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Chatbot owners want to know how well their bot is performing and often turn to containment as a north star to evaluate performance. But is it really? Let’s take a look at containment in detail to understand where it’s useful, and where it is lacking.

“Containment” is a metric that looks at how well a chatbot is automating conversations. That is, the ability to help customers get answers to their burning questions, without having to escalate to a live agent.

For businesses launching Conversational AI programs, it is often referred to as “deflection” or “case deflection”, a term that stems from the contact center, since it refers to the ability of a chatbot to divert incoming calls away from live agents, to automated services.

Containment is often considered a positive outcome, and as a chatbot owner, it is likely one of your key performance indicators (KPIs). Salesforce, in their annual State of Service report documents the growing trend for companies to see case deflection as a core KPI:

  • 2018 36% of companies reported on it
  • 2020 56% of companies
  • 2022 67% of companies
A chart from Salesforce showing the growing trend for companies to see case deflection as a core KPI: 2018 36% of companies reported on it. 2020 56% of companies. 2022 67% of companies.

Just last year, IT analyst firm Gartner estimated that “Chatbots Will Become a Primary Customer Service Channel Within Five Years (2027)” with containment identified as one area that must be improved, so companies are proud when they can announce containment rates in the range of 70%, 80% even 90% containment.

A recent case study by Master of Code highlights how containment is a popular metric: 120K average weekly users, 80% containment rate of streaming flows, +46% improvement in subscription rate, and 1K% payments processed in a month. Chatbot owners owe it to themselves to know the full story behind the 80% figure and chatbot analytics will help.
This example from a recent case study by Master of Code highlights how containment is a popular metric. But chatbot owners owe it to themselves to know the full story behind the 80% figure. (Source: Master of Code)

Unfortunately, while containment sounds like a noble goal, it doesn’t tell the full story of how well a chatbot is automating customer conversations.

Look beyond the north star of containment with deeper bot analytics

While the business and chatbot creators might bask in the sight of a job well done through a high containment metric, the customer experience is not taken into account, and might in fact be altogether different. If your business is investing in automating the customer experience you need to understand what is happening behind the scenes of the containment metric.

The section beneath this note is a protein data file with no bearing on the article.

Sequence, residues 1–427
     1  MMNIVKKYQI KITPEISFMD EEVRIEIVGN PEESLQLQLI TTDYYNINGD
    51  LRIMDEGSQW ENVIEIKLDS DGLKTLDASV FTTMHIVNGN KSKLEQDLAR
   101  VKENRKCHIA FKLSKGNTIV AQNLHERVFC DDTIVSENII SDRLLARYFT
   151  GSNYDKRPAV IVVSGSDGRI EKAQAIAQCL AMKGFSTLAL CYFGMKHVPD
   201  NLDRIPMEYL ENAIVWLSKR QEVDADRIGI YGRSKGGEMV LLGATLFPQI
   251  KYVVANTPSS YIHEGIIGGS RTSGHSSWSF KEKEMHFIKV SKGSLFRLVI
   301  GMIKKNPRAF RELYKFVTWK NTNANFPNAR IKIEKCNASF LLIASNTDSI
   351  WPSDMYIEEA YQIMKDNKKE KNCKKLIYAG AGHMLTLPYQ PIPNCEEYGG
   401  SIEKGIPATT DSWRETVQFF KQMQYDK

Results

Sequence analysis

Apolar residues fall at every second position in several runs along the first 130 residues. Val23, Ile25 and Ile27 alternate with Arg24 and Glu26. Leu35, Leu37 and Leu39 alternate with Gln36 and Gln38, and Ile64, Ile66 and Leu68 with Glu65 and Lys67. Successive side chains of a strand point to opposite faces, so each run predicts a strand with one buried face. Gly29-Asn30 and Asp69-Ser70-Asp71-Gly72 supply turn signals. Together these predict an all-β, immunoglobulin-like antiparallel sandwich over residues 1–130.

Consider, for example, a few scenarios where the conversation is automated, yet the customer has an unfulfilling experience:

  • Abandoning the conversation with the chatbot, without finding a useful resolution to their query.
  • Getting caught in a loop of misunderstanding, before jumping ship to find help elsewhere.
  • “Shouting” at the bot for help, which fails to escalate the customer because it doesn’t understand their plea.
  • The customer finds a solution, but it might not be the optimal or right one.

Additionally, customers may complete a given intent, resulting in high containment rate, only to pick up the phone to engage a live agent because they were unable to get the answer they were looking for. This bypass is another way we lose the details on “true” containment, not to mention it doesn’t factor in the important detail of the experience.

How containment should be done

Automation should only be one of the values when measuring containment value. To understand “true containment” you need to consider additional factors:

  • Does the user leave the chat conversation and escalate to a live agent, or did they abandon the conversation altogether?
  • Was there any feedback when they exited the chat?
  • Was there negative (or positive) sentiment expressed during the chat?
  • Does the chatbot fail to reach a useful conclusion? (for example when a customer asks a question, and the bot is unable to interpret it accurately and so provides a misleading response)
  • Do false positives lead the customer to unrelated responses?

Measuring containment in this way provides a more holistic, or nuanced view with better insight into whether the bot is performing or needs to be improved.

Measuring “True Containment” with chatbot analytics

Many chatbot platforms produce a value for containment rate as a key performance indicator. However, a chatbot analytics platform will give you a more accurate measure of how well the bot is automating the conversation.

Chatbot analytics will capture not only whether a conversation reached an intended end goal, but will also look at other signals found in the data escalation, abandonment, explicit feedback, AI-based sentiment analysis, false positive detection, and containment on topics that the bot was not intended to handle. It will score individual conversations and topics, and produce an overall score, but also allow you to see it on a more granular level.

At Wysdom, we refer to this as the Bot Automation Score, or BAS. With the BAS, product owners can fill in the gaps for a more complete picture of how well the bot drives customer experiences without escalation to an agent. You can learn more about BAS here.

As Conversational AI expands with more opportunities to engage your customers, being able to accurately assess containment is key to know what is happening under the hood and ensure that your customers are leaving with strong satisfaction.

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